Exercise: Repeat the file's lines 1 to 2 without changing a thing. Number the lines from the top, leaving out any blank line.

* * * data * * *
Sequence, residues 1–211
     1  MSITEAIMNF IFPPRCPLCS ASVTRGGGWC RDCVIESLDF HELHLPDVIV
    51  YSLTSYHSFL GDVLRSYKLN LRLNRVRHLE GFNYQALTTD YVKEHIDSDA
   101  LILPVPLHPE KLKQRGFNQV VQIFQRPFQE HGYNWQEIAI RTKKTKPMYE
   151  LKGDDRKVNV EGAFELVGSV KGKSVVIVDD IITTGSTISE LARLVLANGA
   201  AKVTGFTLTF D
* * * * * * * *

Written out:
Sequence, residues 1–211
     1  MSITEAIMNF IFPPRCPLCS ASVTRGGGWC RDCVIESLDF HELHLPDVIV